NREL designs turbine spars for viability of metal AM

Marine energy is a promising segment that harnesses kinetic energy from natural phenomena like water currents and tides and converts it in clean energy that can power local coastal communities.

The 3D printed turbine spar the NREL team has been developing is designed to fit in with existing tidal turbine systems. Various materials and printing methods have been tested. After some evaluation, thermoplastic 3D printing was found not suitable for this specific application; the best candidates for producing tidal turbine spars were stainless steel and laser metal deposition.This could facilitate the rapid prototyping of new marine energy devices for various blue economy sectors including aquaculture and microgrids, which could power coastal communities. It would also make it easier for coastal towns and communities to replace worn components in their marine energy systems by printing parts locally, leading to less reliance on supply chains.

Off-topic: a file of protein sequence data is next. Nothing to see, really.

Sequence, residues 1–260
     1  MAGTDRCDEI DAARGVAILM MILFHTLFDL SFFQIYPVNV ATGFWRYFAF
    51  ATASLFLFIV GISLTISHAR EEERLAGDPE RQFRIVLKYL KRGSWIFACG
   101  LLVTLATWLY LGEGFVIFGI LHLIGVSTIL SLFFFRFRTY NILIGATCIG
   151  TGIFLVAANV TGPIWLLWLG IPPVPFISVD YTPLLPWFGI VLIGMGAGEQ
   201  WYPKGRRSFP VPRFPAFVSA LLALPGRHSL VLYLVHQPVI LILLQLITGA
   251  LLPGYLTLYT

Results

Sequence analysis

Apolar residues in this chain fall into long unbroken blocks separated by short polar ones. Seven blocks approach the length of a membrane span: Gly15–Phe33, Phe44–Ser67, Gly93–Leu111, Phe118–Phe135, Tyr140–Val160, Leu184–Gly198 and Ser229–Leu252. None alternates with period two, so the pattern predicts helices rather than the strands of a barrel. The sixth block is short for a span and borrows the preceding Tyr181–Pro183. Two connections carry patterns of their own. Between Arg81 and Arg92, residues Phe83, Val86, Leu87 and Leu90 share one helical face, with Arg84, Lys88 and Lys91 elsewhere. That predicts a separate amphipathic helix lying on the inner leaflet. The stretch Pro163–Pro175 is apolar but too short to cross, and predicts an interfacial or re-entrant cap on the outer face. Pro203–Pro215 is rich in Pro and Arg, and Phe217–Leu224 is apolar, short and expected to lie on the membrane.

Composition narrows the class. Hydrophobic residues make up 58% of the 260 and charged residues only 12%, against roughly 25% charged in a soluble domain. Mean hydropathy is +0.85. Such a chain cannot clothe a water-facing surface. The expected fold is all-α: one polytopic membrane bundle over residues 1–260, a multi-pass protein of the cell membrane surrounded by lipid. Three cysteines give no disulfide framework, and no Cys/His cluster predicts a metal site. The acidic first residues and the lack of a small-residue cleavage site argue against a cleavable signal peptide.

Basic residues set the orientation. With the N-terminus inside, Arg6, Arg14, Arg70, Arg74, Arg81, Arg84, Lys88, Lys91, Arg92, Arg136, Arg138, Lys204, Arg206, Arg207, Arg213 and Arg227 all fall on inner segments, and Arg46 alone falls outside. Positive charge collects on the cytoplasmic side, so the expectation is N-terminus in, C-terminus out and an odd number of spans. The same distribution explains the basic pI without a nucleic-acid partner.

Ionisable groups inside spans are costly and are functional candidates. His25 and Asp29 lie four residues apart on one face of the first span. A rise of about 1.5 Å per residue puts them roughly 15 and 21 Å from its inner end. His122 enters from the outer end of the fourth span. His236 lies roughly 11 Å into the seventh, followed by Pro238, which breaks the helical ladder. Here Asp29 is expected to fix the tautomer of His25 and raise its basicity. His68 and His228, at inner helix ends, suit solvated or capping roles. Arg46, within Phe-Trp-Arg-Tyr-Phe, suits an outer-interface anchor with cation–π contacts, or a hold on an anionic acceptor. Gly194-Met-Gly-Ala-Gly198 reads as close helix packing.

Currently, the 3D printed tidal turbine spar is undergoing tests at NREL’s facility, including fatigue testing and load testing up to 1,900 pounds. This iteration of the turbine spar was 3D printed using a robotic system from Ai Build and a stainless steel material.

Following testing, the NREL researchers will continue developing and fine tuning the 3D printed turbine spar’s design as well as explore other potential applications for AM in marine energy.

Previous articleTaihan secures USD 80.52M Power Project in US
Next articleUnderground stainless steel sewage tanks
Stainless Steel World is part of The KCI Media Group, a group of companies focused on building and sustaining global communities in the flow control industries. We publish news on a daily basis and connect business-to-business professionals through our online communities, publications, conferences and exhibitions.